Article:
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Fake News is Subjective?

“Disneyland is presented as imaginary in order to make us believe that the rest is real, whereas all of Los Angeles and the America that surrounds it are no longer real, but belong to the hyperreal order and to the order of simulation.”

— Jean Baudrillard, Simulacra and Simulation, 1981

We all know that there is no authority in the freewheeling cyberspace in which we all communicate. No one speaks ex cathedra, or, more precisely, if they do, no one credits what they say as anything more than their opinion. Nevertheless, there was a beginning or slow emergence of our millennial disrespect for truth checkmating our own self-authorizing views. In A Postmodern Reader, which I edited with Linda Hutcheon in 1993, and my own A Primer to Postmodernity, 1997, both emerging from courses on postmodern culture at the beginning of the `90s, I had a ready to hand answer for the always asked question: “How then can you tell the difference between a fake story and a real one if, as you say, all we have are stories of the truth?”

My answer had two parts. In one view, begun in the Enlightenment, stories which comply to determining conditions of reality have staying power and those that don’t fade away, or are disproved by empirical or rational methods. We can more easily, Karl Popper tells us, reveal the false than the true. In another view,  hierarchies of values and meanings commonly shared at a particular time privilege certain truth stories as truth and others as false. A continuous contesting of truth stories or narratives goes on with varying levels of heat out of which a story emerges as more real and true than the others. That confirmation goes on until it suddenly or slowly loses such confirmation. That black African slaves had no souls was a true story until it became a fake story. And so on.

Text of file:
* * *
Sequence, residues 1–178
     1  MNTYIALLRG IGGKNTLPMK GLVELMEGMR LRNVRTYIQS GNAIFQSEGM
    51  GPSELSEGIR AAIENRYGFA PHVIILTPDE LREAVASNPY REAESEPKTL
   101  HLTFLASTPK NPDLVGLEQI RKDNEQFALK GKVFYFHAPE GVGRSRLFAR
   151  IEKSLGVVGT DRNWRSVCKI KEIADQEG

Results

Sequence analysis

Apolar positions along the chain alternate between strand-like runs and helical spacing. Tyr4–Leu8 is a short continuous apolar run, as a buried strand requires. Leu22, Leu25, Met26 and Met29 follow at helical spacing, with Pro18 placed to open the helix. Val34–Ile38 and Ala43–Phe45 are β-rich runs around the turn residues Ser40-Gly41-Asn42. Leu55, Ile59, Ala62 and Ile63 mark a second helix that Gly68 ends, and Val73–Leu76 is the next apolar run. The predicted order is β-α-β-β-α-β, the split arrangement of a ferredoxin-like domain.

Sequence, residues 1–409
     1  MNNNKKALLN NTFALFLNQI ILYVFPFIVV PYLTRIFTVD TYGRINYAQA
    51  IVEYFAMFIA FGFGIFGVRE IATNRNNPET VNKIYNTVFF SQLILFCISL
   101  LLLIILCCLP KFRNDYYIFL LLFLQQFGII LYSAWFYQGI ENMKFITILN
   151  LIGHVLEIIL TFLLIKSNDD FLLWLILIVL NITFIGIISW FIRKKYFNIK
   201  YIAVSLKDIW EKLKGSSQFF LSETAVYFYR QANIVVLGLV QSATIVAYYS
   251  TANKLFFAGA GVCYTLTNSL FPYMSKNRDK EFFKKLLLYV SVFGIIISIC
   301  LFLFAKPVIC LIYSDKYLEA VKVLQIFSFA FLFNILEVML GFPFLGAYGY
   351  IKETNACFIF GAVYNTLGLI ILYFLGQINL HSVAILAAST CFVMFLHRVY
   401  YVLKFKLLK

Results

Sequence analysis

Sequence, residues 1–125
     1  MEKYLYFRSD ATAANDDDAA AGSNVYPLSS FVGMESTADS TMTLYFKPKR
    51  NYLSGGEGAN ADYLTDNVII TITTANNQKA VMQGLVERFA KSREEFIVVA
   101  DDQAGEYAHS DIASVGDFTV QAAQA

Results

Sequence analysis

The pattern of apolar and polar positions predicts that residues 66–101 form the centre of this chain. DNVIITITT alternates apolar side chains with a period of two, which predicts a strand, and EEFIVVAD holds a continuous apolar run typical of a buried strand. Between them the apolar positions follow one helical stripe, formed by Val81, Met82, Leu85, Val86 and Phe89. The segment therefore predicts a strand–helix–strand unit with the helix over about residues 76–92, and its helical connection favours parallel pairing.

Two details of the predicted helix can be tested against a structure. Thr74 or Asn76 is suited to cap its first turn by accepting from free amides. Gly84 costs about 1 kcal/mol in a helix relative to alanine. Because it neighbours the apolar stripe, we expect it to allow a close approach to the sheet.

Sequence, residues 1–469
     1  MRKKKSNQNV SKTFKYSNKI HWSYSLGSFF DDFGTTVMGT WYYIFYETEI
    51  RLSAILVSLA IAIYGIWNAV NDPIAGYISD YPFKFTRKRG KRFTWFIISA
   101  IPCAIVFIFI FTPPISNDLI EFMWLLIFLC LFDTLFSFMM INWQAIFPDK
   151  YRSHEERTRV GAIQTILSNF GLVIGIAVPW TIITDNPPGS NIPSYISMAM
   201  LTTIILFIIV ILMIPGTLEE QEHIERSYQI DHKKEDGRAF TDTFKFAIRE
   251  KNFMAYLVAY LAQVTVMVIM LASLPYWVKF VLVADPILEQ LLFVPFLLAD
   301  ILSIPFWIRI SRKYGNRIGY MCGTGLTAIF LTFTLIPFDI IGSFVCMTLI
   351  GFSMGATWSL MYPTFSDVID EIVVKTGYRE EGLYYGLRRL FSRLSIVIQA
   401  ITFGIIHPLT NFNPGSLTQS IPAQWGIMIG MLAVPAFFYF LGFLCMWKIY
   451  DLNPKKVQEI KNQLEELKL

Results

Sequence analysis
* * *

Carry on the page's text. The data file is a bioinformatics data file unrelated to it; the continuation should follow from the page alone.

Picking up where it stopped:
Some fifteen years later,  I see that the skeptical disposition toward truth and authority as well as words and their presumed trustworthy connection to the world need only have a noisy mayfly existence and yet do lasting damage to the fragile frame upon which the “general Welfare” rests. But beyond this is a crucial miscalculation as to how our subjectivities always enwrapped in a world we yet see as outside ourselves could find encouragement and confirmation of that separation, of a thoroughly detached and dominating subjectivity, in an alter-world — a cyberspace, online world.

That challenging alternative universe in which our subjectivities could roam had not “back in the day” established itself as a “society,” one endlessly divided and home to an equal number of voices establishing a new media broadcasting those voices. Subjectivities had not only found a “world” they could shape, a bespoke reality, but a place where they could voice, often in 140 characters, what was unchallenged within their personally designed realities.

I had  no way of knowing nor could I imagine an entire culture would so quickly cast aside  the tradition of  truth, reality, objectivity, and rationality, disarming itself from any determination of fake and true commonly shared. It seemed that in one fantastical leap in the American mass psyche everyone now skeptically and angrily rejected the methods and institutions authorizing and authorized by reason and reality. This mass psyche is now losing  itself in endless battles of words unmoored from any commonly shared apprehension of “conditions of the real.” What could be mutually perceived has given way to uncontested affirmations of “the world as it appears to me.” It is a triumph of the phenomenal witnessed repeatedly in individuals but rarely in an entire culture.